What is Testosterone?
Testosterone, a naturally occurring sex hormone that produced in a man’s testicles. Small amounts of testosterone also produced in a woman’s ovaries and adrenal system. Legal steroids can help boost testosterone. They build muscle and increase strength like testosterone.
TESTOSTERONE BOOSTER PILLS.
NO PRESCRIPTION NEEDED.
Testosterone injections are used in men and boys to treat conditions causing a lack of this hormone, like delayed puberty, impotence, or other hormonal imbalances.
Testosterone injection also used in women to treat breast cancer that spread to other parts of the body. Most commonly, injections are used as part of prescription hormone replacement therapy.
Do not use this medicine if you are pregnant or may become pregnant.
You should not receive testosterone if you have prostate cancer, male breast cancer, a serious heart condition, or severe liver or kidney disease.
Before taking Testosterone Supplements
You should not receive testosterone if you are allergic to it, or if you have:
- prostate cancer;
- male breast cancer;
- a serious heart condition;
- severe liver disease;
- severe kidney disease; or
- if you are pregnant or may become pregnant.
To make sure testosterone is safe for you, tell your doctor if you have:
- enlarged prostate;
- a history of heart disease or coronary artery disease;
- high cholesterol or triglycerides (a type of fat in the blood);
- breast cancer (in men, or in women who have hyperglycemia);
- liver or kidney disease;
- if you are bedridden or otherwise debilitated; or
- if you take a blood thinner (warfarin, Coumadin, Jantoven).
FDA pregnancy category X. This medicine can harm an unborn baby or cause birth defects. Do not use testosterone if you are pregnant or may become pregnant. Tell your doctor right away if you become pregnant during treatment. Use effective birth control while you are receiving this medicine.
See also: Pregnancy and breastfeeding warnings (in more detail)
It is not known whether testosterone passes into breast milk or if it could harm a nursing baby. You should not breast-feed while using this medicine.
How is testosterone injection given?
Testosterone is injected into a muscle. A healthcare provider will give you this injection. The injection is usually given every 2 to 4 weeks.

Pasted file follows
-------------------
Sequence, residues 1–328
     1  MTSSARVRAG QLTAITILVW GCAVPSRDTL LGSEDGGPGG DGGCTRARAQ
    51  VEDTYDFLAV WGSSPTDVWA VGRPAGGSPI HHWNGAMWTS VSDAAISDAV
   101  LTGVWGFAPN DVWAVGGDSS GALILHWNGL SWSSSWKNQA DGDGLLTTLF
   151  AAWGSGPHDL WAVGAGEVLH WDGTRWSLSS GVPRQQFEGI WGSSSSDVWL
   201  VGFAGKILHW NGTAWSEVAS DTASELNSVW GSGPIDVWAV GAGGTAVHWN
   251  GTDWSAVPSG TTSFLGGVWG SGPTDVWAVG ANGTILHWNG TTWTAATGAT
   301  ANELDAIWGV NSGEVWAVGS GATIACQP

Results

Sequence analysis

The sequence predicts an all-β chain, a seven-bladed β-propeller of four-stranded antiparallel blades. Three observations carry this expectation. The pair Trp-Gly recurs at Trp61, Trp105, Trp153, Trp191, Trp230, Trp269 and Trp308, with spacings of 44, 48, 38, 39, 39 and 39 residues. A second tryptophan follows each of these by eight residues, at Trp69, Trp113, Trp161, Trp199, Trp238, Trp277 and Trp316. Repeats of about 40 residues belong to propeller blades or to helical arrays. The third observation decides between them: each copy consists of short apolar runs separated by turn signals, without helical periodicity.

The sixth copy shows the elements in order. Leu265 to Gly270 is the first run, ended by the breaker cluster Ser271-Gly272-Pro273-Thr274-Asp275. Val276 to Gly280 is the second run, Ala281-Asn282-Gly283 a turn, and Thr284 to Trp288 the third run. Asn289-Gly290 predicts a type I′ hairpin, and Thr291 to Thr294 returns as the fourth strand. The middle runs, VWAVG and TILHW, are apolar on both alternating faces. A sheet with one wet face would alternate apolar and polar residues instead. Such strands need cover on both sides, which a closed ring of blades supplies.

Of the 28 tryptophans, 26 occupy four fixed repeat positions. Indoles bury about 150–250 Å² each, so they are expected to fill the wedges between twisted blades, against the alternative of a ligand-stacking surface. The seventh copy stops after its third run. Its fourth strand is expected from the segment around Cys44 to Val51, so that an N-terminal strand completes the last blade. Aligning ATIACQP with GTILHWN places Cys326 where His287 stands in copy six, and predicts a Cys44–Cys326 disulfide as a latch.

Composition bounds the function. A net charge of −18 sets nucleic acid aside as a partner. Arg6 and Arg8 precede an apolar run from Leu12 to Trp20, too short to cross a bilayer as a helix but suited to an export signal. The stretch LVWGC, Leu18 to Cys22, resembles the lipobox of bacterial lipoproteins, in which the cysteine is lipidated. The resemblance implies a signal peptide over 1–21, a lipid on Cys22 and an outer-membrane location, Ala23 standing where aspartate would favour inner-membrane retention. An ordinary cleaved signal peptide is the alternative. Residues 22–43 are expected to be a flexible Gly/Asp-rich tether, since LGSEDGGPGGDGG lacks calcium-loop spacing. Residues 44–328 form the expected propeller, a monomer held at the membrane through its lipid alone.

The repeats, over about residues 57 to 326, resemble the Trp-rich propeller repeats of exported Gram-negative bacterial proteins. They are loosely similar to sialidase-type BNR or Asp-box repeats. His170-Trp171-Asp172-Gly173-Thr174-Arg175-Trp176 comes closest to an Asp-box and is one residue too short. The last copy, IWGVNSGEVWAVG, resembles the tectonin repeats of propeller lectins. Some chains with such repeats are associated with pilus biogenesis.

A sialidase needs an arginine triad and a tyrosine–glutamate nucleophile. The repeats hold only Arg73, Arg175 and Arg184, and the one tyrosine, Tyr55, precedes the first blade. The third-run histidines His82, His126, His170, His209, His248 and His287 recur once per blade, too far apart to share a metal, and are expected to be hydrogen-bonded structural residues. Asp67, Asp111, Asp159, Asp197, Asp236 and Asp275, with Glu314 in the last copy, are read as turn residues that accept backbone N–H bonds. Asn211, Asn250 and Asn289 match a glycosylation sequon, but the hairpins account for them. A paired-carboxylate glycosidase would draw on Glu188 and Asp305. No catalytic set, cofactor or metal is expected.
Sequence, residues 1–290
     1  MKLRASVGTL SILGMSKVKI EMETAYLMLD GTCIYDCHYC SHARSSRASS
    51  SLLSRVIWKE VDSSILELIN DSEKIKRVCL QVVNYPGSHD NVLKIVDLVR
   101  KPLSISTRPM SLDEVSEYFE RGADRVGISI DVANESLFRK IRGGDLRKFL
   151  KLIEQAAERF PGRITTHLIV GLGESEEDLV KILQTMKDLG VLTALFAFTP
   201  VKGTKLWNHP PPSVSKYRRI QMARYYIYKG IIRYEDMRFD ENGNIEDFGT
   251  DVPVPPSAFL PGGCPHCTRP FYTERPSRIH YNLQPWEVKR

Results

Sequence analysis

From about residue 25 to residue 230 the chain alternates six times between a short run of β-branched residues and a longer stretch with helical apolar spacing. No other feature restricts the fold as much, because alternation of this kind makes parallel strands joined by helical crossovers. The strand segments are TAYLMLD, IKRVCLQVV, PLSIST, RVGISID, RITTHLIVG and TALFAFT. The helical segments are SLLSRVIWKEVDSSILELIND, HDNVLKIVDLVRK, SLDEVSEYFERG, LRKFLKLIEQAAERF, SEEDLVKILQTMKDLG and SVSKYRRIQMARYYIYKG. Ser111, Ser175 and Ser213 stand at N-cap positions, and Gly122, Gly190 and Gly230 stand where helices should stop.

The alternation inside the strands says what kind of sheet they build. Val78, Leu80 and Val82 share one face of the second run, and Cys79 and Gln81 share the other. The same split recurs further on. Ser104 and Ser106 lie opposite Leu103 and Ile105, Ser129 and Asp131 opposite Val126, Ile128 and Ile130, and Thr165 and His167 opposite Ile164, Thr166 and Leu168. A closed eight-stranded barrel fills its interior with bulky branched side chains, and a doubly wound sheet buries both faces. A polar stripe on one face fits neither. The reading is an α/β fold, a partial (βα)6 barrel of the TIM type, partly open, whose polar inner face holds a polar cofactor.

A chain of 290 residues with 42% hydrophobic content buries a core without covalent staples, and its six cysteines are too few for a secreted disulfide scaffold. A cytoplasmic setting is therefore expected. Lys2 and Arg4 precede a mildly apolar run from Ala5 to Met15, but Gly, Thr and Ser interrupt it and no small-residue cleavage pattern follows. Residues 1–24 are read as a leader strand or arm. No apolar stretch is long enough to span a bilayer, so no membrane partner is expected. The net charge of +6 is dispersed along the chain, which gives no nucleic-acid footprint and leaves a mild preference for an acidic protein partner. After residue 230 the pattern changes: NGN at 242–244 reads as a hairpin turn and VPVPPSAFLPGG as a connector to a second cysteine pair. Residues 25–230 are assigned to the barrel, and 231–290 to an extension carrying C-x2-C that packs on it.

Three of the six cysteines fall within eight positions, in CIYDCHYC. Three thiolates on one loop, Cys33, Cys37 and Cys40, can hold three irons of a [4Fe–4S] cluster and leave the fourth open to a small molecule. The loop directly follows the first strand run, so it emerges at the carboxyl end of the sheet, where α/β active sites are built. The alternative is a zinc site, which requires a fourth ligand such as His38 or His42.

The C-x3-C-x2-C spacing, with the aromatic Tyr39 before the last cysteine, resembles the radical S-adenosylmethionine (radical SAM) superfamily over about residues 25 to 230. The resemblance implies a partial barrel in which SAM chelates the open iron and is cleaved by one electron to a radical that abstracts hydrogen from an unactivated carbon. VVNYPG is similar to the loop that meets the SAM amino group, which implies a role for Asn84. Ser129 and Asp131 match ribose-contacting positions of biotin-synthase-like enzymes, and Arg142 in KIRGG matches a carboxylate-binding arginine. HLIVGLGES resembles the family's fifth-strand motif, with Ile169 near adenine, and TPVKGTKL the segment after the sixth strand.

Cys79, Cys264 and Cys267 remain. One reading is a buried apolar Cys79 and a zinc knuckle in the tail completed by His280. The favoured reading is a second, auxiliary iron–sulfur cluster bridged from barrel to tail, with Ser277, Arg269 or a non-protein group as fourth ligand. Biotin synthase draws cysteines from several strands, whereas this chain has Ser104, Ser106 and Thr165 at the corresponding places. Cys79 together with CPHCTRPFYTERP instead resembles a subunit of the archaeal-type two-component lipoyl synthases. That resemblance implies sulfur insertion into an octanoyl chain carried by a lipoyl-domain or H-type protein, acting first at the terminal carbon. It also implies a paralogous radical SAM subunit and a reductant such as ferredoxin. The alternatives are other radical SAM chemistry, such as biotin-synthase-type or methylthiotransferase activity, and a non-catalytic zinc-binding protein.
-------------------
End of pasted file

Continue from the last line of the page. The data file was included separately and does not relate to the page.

The length of treatment will depend on the condition being treated.
Testosterone will not enhance athletic performance and should not be used for that purpose.
While receiving this medicine, you will need frequent blood tests.
Testosterone can affect bone growth in boys who are treated for delayed puberty. Bone development may need to be checked with x-rays every 6 months during treatment.
What happens if I miss a dose?
Call your doctor for instructions if you miss an appointment for your injection.
What happens if I overdose?
Since this medication is given by a healthcare professional in a medical setting, an overdose is unlikely to occur.
What should I avoid while receiving testosterone injection?
Follow your doctor’s instructions about any restrictions on food, beverages, or activity.
Testosterone side effects
Get emergency medical help if you have any of these signs of an allergic reaction to testosterone: hives; difficult breathing; swelling of your face, lips, tongue, or throat.
Call your doctor at once if you have:
- nausea or vomiting;
- changes in skin color;
- increased or ongoing erection of the penis;
- impotence, ejaculation problems, decreased amounts of semen, decrease in testicle size;
- painful or difficult urination;
- shortness of breath (even with mild exertion);
- swelling in your ankles or feet, rapid weight gain;
- high levels of calcium in the blood–stomach pain, constipation, increased thirst or urination, muscle pain or weakness, joint pain, confusion, and feeling tired or restless; or
- liver problems–upper stomach pain, itching, loss of appetite, dark urine, clay-colored stools, jaundice (yellowing of the skin or eyes).
Women receiving testosterone chance development male characteristics, which irreversible if treatment is continued. Call your doctor at once if you notice any of these signs of excess testosterone:
- changes in menstrual periods;
- male-pattern hair growth (such as on the chin or chest);
- hoarse or deepened voice; or
- enlarged clitoris.
Common testosterone side effects (in men or women) may include:
- breast swelling;
- headache, anxiety;
- increased facial or body hair growth, male-pattern baldness;
- increased or decreased interest in sex;
- numbness or tingly feeling; or
- pain or swelling where the medicine injected.
This is not a complete list of side effects and others may occur. Call your doctor for medical advice about side effects. You may report side effects to FDA at 1-800-FDA-1088.
See also: Side effects (in more detail)
What other drugs will affect testosterone?
Other drugs may interact with testosterone, including prescription and over-the-counter medicines, vitamins, and herbal products. Tell each of your health care providers about all medicines you use now and any medicine you start or stop using. Possible that some side effects of testosterone may not reported. Report to the FDA here. Always consult a healthcare professional for medical advice.